Sexism isn’t funny

(and you (c)(sh)ould get expelled)

What does violence against women look like? Many people on campus may be asking this question in light of recent news exposing the disgusting Frosh Week chants at St. Mary’s University and the University of British Columbia. Does a song, or a joke, or a slogan on a t-shirt constitute violence? In short, the answer is “yes”.

Most definitions of violence concur that an act of violence does not have to be uniquely physical: that emotional and psychological violence is equally destructive.

However, numerous studies have concluded that sexist humour can promote further prejudice against women, and that sexist humour can actually promote men’s attitudes towards rape.

Despite this, responses to sexist jokes are often dismissive. Many simply brush the joke off by saying “Oh, it’s ok, he’s just a douche-bag” or “Come on, it’s funny, stop being so P.C!”, but in the same way racist jokes are violent, sexist jokes are violent too.

While sexist jokes may seem to be rather innocuous to those (men) hearing them, the reality is that these jokes are hurtful. They sting. Sexist jokes promote a culture of acceptance and complacency towards sexual violence and sexism in general. These jokes promote belittling women, othering them, and reducing women’s place in society to that below men.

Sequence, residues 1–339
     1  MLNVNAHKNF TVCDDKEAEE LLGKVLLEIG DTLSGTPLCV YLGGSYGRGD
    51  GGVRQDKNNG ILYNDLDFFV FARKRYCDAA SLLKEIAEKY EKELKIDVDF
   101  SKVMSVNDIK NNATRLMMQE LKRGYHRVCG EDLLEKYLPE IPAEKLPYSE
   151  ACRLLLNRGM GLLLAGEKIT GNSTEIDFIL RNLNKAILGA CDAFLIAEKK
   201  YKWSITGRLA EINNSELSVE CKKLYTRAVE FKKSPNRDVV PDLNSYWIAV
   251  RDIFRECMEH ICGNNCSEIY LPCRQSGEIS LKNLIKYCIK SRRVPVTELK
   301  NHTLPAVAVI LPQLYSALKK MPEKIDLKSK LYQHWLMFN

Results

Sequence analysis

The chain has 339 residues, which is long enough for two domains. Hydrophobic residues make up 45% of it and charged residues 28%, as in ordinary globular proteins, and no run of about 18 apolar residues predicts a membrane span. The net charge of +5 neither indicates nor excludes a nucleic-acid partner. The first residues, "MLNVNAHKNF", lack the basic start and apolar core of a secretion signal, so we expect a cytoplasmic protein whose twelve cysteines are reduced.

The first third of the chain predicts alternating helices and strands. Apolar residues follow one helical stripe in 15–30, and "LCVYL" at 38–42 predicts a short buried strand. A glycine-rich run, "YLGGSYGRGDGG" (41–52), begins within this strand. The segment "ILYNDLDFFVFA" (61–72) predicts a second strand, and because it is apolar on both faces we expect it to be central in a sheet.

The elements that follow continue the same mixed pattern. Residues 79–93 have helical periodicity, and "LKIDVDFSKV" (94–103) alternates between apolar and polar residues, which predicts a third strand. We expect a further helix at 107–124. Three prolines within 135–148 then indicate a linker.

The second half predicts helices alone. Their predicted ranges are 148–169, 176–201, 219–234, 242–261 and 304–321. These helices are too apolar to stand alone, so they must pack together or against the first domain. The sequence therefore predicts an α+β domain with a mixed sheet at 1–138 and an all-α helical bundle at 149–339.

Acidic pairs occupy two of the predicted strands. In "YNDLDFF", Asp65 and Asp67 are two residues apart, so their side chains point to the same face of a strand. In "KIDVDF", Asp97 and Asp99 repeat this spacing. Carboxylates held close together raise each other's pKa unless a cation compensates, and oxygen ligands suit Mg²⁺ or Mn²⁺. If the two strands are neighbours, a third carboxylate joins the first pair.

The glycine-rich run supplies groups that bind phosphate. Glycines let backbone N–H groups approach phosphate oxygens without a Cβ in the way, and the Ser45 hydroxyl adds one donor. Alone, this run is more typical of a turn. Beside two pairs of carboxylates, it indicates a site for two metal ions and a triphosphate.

And this, in 2013.

Ask yourself when was the last time you heard a joke about men? Or a chant about raping young men. Or a t-shirt telling men to go make a sandwich? Probably never.

So why is it ok to accept the same against women? Well, it isn’t.

Violence against women is an issue that the student and labour movements take very seriously. This violence exposes itself on our campus, in the workplace, at the bar, and on the streets.

There are numerous tools available to help confront sexual violence and harassment. In the workplace, the Provincial Government operates the Workplace Initiative to Support Employees on Family Violence (WISE) program, and labour unions are available to help support victims to accommodate them in the workplace.

By law there is the Manitoba Human Rights Code and the Criminal Code of Canada.

On June 1 of this year, the University of Winnipeg introduced a Respectful Working and Learning Environment Policy echoing the Manitoba Human Rights Code’s definitions of harassment. This policy specifically outlines that the university prohibits “...unwelcome sexual remarks or jokes that put down one’s gender”. This policy falls under the University’s non-academic misconduct policy, and the implications can be quite serious: you can get expelled.

Being involved in street-level and community driven movements such as Take Back the Night and Sisters in Spirit are excellent ways to share experiences and to fight against violence against women, including against the disproportionate number of Aboriginal women facing violence in our community.

Lastly, the best tool against this type of violence is yourself. If you’re one of those who laughs-off the joke, or finds a simple excuse in defense of sexism, check yourself – it’s time for an attitude change.

David Jacks is a former UWSA President and is currently a Communications Representative at the Canadian Union of Public Employees.

Published in Volume 68, Number 4 of The Uniter (September 25, 2013)

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